I have a recipe that dates back many years that I enjoy making a couple of times each year. I can tell the recipe is a bit “vintage” based on the print style of the magazine I clipped it from, the publication from font to layout looks much different today after a couple of updates. I recently made the recipe and over time I have made some adjustments to it. I have made these adjustments according to my own taste on how I like food, but the point is, I have the recipe in a pretty good place based on mine and Mary’s likes and dislikes.
The best winemakers I know are really no different. They all strive to make the best wine they can, based on their own likes and dislikes, but also on those of their customers. This winemaking style that becomes very individualized for each of them is then adjusted again, based on what each vintage gives them. Each growing year is a little different, and in extreme years, almost unrecognizable from the “normal” year. I was recently talking to Doug Shafer of noteworthy Napa Valley winery, Shafer Vineyards. He was talking about how wine writers, sommeliers and others will ask him: why don’t you make your wine this way? Or that way? Doug’s response was simply, that is not what I do. Doug has a style; he makes the wine to be true to his own taste and that of his customers, which must be working since his wines are prized and highly allocated every year. But Doug will also tell you that, overtime, he has “tweaked” his winemaking to adapt to vintage issues, but also gradually over time, as his and his customer’s tastes have changed ever so slightly.
There is also an entire set of beliefs and rules on what wines should go with which foods. If you look back at older wine and food pairing books and other publications, you would be lucky to find a red wine pairing suggested with fish. Similarly, white wine would never be considered as an accompaniment to anything but fish or cheese. Over time though, this has gradually been changed and updated. So much more goes into wine and food pairing today than these steady and steadfast rules from several years back.
All of this wraps into the beautiful adventure of both food and wine for us. It is also what we encourage every wine consumer to do from time to time. Tweak it all! Wine, while it may sound a bit contrived, is all about a journey. It is, each time you open a bottle of wine and pour a glass, a chance to discover something new. It is a chance to learn and let your palate evolve. Do we all have our favorites? Of course. Are there certain varietals or producers we will always have in our wine racks? You bet. Yet there is still so much to be discovered that we haven’t yet tasted, and one of those may become your new favorites.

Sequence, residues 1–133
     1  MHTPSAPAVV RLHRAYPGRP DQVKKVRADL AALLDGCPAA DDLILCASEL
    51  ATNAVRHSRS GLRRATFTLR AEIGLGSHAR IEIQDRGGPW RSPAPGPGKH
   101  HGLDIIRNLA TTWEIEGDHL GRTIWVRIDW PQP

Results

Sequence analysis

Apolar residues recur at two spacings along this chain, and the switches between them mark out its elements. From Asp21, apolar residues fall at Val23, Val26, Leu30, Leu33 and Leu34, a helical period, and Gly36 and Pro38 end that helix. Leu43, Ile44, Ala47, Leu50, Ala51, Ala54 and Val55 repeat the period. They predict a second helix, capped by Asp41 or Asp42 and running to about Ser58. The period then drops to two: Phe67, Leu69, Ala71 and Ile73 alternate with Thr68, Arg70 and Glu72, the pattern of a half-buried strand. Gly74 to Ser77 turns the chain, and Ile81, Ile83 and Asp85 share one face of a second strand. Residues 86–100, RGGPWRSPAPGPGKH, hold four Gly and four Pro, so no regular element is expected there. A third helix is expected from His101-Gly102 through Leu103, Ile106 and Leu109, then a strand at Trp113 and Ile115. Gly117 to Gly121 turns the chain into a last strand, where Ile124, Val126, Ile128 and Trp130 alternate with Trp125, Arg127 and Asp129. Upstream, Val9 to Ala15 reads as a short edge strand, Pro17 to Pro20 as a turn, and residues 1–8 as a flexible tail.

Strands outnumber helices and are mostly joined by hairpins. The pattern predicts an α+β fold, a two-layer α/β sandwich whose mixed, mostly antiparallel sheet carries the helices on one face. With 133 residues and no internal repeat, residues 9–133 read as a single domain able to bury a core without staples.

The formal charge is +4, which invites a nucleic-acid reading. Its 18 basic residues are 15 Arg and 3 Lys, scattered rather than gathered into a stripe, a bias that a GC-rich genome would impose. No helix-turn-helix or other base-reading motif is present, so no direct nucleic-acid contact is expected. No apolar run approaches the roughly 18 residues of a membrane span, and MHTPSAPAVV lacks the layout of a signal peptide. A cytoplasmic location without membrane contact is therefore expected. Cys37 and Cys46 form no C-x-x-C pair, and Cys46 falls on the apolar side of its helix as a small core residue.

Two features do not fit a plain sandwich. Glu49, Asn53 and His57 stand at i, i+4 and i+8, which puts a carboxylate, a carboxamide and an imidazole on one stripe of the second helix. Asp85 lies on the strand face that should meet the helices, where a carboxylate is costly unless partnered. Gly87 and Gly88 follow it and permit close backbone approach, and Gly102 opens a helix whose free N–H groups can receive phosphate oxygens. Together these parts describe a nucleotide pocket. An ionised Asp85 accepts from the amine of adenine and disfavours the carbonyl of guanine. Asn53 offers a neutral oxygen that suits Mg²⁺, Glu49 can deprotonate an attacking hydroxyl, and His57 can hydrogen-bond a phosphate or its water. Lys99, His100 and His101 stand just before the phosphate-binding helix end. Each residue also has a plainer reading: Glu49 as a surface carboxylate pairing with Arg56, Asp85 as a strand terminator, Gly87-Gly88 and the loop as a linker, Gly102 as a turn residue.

So, we suggest tweak it all! Play with the spicing on your food, elevate some ingredient quantities to meet your tastes, or throw others out altogether.
When it comes to wine, instead of reaching for your reflexive choice, the one you go to all the time, make a commitment to try something new once per week or once per month, depending on your consumption patterns. One of two things will occur: you will either like your new, adventurous choice or you won’t. Either way, you will have learned something and perhaps discovered a worthwhile detour on your wine journey.
The next time you are entertaining (and this is really fun around the holidays when crowds gather) shake up your wine and food pairing. I am the biggest fan in the world of having really great Pinot Noir with Thanksgiving turkey, but each year we try at least one new wine with the big feast. Try basing your pairing based on acid levels to go with the richness of the foods, as opposed to flavor profiles. Mix up your “color combinations” to challenge those old rules. Try some high acid whites to go with rich beef, pork or lamb dishes. Whip out a Grenache or Rhone blend the next time you are grilling up some salmon or searing some tuna.
Will everyone of these new combos or new wines work for you? Probably not. It will challenge your preconceptions though, and if you do it with a crowd around your table it will make for some lively discussion. It is your wine journey we are talking about and you have a chance with every bottle or glass to make it exciting. We hope you seize that opportunity!
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George Balling is co-owner with his wife, Mary Lancaster, of the dinner party, a wine and gift shop in Coeur d’Alene by Costco. The dinner party has won the award for best wine shop in North Idaho twice, including for 2018. George is also published in several other publications around the country. After working in wineries in California and judging many wine competitions, he moved to Coeur d’Alene with Mary more than 10 years ago to open the shop. You can also follow us on Facebook at facebook.com/#!/dinnerpartyshop.